Scientists have observed the early universe running “five times slower” than the present. The study, led by Prof Geraint Lewis from the University of Sydney, utilised data from quasars, distant celestial objects powered by supermassive black holes at the centres of early galaxies.
Quasars have long captivated astronomers for their extreme brightness and remote locations, making them invaluable tools for studying distant cosmic eras. These celestial objects are powered by supermassive black holes, consuming surrounding gas, dust, and matter, releasing tremendous energy in the process.
Professor Geraint Lewis, along with astrostatistician Brendan Brewer from the University of Auckland, embarked on the comprehensive study spanning over two decades. This study analysed the colours of nearly 200 quasars. Standardising the “ticking” of each quasar for their observations, the researchers focused on a time when the universe was just over a billion years old, shortly after the Big Bang.
Albert Einstein’s relativity theory has been further affirmed through observations. Since the universe’s inception in the Big Bang singularity, time and space have been intricately intertwined. The expansion of space plays a significant role in shaping our reality.
As the universe expands, galaxies move farther away from one another, creating more space between celestial bodies. This expansion of space influences time itself, leading to the phenomenon observed by researchers. Hence, when gazing back in time to the early universe, its flow appears to decelerate dramatically due to this ongoing expansion.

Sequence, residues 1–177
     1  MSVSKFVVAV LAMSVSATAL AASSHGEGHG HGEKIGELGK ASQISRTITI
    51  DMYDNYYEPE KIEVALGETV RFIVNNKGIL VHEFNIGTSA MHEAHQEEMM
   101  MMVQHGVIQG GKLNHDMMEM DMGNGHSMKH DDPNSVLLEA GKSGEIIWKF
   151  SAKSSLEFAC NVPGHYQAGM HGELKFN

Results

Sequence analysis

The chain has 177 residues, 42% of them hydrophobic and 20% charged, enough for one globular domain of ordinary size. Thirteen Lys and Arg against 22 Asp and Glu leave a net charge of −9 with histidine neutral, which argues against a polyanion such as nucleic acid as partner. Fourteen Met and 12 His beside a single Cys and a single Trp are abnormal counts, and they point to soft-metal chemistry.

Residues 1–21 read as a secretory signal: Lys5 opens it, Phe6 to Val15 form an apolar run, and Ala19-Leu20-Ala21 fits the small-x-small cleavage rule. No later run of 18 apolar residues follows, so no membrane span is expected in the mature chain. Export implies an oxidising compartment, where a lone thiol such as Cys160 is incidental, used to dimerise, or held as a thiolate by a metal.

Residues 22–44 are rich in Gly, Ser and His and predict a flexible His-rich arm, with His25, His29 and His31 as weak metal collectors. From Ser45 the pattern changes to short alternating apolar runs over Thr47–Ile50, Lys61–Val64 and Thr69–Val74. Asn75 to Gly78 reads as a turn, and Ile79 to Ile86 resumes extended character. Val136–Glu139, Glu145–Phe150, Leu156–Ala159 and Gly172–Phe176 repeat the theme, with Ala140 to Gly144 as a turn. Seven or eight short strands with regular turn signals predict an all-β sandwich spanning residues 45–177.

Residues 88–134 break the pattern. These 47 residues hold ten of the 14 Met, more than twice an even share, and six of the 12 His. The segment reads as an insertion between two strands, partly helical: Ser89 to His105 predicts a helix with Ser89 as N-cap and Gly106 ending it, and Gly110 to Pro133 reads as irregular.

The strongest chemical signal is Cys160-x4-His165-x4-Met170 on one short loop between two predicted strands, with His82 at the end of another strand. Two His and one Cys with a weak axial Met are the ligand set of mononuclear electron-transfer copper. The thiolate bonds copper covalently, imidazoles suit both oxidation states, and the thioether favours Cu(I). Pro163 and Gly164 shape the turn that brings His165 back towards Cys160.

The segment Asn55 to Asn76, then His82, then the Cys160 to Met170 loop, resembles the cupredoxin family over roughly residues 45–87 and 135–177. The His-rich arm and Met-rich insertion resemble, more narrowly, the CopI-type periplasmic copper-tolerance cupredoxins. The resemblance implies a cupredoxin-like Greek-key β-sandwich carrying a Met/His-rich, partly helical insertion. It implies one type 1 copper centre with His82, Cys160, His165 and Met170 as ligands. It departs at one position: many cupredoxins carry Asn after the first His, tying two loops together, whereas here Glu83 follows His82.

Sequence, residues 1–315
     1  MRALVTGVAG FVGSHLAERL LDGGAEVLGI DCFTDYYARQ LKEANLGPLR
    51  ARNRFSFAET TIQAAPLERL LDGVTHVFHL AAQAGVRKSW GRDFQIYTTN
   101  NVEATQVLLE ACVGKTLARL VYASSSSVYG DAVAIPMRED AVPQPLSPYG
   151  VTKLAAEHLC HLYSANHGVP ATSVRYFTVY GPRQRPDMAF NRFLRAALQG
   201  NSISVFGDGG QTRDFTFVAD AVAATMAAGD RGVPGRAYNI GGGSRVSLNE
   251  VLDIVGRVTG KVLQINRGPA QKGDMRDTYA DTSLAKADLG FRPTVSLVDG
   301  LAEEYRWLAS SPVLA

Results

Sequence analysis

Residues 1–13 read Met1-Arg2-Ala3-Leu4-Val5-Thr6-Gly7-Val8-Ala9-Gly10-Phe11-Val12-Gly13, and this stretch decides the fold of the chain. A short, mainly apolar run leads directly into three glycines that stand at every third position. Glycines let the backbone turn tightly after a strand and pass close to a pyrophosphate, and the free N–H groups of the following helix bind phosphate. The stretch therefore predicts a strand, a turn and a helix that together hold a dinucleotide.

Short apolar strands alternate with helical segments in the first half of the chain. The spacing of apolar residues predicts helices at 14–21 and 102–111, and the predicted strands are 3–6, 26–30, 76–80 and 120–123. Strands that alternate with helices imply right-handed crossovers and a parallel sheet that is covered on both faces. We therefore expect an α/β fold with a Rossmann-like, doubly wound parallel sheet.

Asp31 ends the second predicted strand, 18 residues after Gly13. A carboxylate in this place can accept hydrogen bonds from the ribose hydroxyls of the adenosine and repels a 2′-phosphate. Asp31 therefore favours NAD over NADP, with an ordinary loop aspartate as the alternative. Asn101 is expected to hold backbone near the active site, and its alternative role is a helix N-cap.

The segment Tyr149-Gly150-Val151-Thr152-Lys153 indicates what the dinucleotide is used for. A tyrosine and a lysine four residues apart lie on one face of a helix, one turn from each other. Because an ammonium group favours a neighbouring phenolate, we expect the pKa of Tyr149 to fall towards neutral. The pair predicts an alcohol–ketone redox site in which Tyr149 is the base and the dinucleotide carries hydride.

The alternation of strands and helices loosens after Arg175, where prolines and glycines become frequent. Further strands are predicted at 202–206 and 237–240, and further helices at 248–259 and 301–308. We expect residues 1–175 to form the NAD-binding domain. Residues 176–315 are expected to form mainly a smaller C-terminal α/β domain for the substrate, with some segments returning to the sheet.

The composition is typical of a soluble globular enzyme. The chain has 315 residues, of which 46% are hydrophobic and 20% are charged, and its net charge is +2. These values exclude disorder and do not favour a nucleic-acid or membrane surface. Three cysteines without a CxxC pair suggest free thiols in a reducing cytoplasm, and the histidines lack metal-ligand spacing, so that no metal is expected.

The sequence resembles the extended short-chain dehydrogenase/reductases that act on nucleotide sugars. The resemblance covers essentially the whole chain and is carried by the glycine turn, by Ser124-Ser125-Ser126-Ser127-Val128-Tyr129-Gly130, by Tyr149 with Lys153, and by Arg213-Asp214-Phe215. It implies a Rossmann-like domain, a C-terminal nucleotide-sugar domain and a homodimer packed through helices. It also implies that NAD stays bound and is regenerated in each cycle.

Previously, astronomers had confirmed the early universe’s “slower” effect using distant supernovae, enabling them to glimpse back in time to approximately half the universe’s age. However, the recently published study utilising quasars has pushed the boundaries even further, reaching back to approximately a tenth of the universe’s age. This extension in time scale provides scientists with an expanded canvas to paint a more comprehensive picture of the universe’s evolution.
In an interview on BBC Radio 4’s Today programme, Prof Geraint Lewis explained how the universe’s expansion would perpetuate indefinitely, causing the cosmos to grow larger and emptier over time.
With this newfound knowledge, astrophysicists are now better equipped to explore the universe’s ancient history and eventual fate.
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